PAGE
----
Fracking company applies for London licence
A new energy firm run by pro-fracking pundit Nick Grealy says it has applied for licences to frack in London.
London Local Energy has applied for permission to frack three blocks of land, two of which cover an area from Harrow in the North West to near Downing Street in central London.
Mr Grealy told the BBC the company had secured funding for the first year of works and had no shortage of backers.
The government has just closed licence applications for fracking in the UK.
Potential fracking sites have been identified across the country, but generally in rural areas.
One potential area where London Local Energy believes it could sink a fracking well is the Park Royal Industrial Estate near Willesden.
Parts of Surrey and Merton are also covered by the blocks of land the company has applied to drill.
"The public debate on fracking has been uninformed and we want to prove to people that we can have an oil and gas industry in London," Mr Grealy told the BBC.
"The first thing most people say is, 'We're crazy,' but the more we look at it, the more we think it is possible.
"We're not going to be the next Saudi Arabia, but we think we can produce noticeable amounts of oil and gas from 2018 onwards."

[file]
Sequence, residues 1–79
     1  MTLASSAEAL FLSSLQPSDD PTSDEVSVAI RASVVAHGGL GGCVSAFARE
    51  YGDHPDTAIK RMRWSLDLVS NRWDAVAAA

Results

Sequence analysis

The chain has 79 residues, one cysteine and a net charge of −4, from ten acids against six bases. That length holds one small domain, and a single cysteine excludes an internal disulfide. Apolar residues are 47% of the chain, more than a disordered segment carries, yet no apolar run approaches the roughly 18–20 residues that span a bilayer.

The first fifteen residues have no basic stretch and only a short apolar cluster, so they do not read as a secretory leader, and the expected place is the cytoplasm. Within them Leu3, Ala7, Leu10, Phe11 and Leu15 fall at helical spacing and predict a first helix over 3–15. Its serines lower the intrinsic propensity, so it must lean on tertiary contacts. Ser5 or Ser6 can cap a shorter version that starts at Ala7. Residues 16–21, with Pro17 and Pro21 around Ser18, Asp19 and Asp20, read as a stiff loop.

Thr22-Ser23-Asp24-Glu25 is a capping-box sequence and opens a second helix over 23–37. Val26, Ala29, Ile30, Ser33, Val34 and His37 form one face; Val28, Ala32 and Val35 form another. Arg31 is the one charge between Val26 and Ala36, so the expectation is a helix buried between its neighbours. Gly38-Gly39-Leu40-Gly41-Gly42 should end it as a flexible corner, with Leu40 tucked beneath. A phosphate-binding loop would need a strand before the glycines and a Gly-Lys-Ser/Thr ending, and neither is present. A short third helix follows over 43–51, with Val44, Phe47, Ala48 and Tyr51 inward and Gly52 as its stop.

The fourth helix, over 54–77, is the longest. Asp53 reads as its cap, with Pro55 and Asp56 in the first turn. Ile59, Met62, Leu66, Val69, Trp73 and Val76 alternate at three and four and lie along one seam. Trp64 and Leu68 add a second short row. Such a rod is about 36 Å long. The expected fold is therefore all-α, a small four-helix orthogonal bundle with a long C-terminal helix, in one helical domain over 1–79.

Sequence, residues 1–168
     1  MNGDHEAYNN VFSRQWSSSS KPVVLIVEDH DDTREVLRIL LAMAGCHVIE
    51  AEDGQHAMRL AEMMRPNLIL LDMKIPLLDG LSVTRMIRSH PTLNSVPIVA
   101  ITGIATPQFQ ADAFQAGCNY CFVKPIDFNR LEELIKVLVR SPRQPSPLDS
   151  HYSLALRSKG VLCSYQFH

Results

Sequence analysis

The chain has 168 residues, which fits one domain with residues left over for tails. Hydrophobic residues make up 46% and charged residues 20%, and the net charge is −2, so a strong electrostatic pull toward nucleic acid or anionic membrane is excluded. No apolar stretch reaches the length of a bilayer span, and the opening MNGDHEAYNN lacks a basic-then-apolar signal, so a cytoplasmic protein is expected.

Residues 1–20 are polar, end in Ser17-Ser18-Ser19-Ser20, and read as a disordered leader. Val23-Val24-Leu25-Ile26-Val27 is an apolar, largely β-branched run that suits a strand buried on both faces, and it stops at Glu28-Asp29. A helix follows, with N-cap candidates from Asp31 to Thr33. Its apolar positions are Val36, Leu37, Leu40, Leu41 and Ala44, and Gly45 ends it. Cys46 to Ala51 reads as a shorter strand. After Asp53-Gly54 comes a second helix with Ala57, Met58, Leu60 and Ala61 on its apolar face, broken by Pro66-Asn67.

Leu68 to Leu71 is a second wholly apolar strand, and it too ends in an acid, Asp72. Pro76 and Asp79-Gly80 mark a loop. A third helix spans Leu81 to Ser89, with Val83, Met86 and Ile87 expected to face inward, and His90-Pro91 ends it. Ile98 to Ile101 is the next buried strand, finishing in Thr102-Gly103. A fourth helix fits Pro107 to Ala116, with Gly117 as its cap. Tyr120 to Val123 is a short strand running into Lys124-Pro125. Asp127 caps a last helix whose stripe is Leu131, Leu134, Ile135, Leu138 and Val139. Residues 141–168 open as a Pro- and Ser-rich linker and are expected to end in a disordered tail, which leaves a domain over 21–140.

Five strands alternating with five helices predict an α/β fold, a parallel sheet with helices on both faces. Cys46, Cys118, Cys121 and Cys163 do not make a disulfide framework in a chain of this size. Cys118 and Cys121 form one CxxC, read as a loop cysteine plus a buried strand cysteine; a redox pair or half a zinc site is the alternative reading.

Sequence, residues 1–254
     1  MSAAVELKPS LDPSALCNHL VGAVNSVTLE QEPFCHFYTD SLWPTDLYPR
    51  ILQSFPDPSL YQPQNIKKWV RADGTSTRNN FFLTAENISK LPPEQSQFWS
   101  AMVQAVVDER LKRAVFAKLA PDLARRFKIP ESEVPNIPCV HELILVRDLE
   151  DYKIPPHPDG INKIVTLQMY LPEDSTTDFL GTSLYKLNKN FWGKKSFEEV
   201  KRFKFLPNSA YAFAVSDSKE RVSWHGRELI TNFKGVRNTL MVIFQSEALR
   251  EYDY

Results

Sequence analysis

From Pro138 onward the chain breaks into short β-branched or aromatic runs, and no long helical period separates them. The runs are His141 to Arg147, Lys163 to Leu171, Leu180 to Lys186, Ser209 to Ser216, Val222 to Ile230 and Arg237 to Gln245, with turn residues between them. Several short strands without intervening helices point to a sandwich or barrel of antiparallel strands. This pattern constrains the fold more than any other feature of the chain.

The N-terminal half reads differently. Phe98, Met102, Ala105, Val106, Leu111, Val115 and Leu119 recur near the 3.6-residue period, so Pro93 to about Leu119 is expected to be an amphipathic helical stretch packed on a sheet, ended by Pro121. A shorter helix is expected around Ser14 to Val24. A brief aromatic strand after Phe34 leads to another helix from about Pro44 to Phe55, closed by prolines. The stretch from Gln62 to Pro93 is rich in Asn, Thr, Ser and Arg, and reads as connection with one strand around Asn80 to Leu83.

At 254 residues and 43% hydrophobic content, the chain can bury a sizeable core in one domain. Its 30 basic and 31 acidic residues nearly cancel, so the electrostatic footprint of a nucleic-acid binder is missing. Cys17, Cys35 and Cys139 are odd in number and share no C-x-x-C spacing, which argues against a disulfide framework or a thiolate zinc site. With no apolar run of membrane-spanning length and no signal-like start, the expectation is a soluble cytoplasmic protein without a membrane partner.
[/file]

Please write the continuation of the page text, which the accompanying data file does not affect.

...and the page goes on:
Mr Grealy, who has been a staunch and vocal supporter of fracking, argues there are many misconceptions about the process, which involves pumping large amounts of water, some chemicals and sand at high pressure into shale rocks to release the gas trapped inside.
"We want to light a fire under the debate and we want to make money as well," he said.
He argues that one of the main objections many people have to fracking, or hydraulic fracturing, is the noise and disruption to local communities. This would not be a problem in London, with its high level of traffic and noise, he says.
He also says fracking does not take up much land as most of the drilling takes place horizontally underground.
The government is keen to promote fracking in the UK as a way to boost domestic energy production, thereby reducing reliance on imported power.
However, there is a strong anti-fracking lobby, which argues that the process is too water-intensive and damaging to the environment.
Concerns have been raised about how to dispose of waste-water, which contains heavy metals and radioactivity, and the potential for fugitive methane - a potent greenhouse gas many times more powerful than CO2.
The industry argues that, with proper regulation in place, these concerns are unfounded.
Critics also argue that although gas is cleaner than coal, it is still a fossil fuel that emits CO2 when burnt and diverts investment away from cleaner renewables.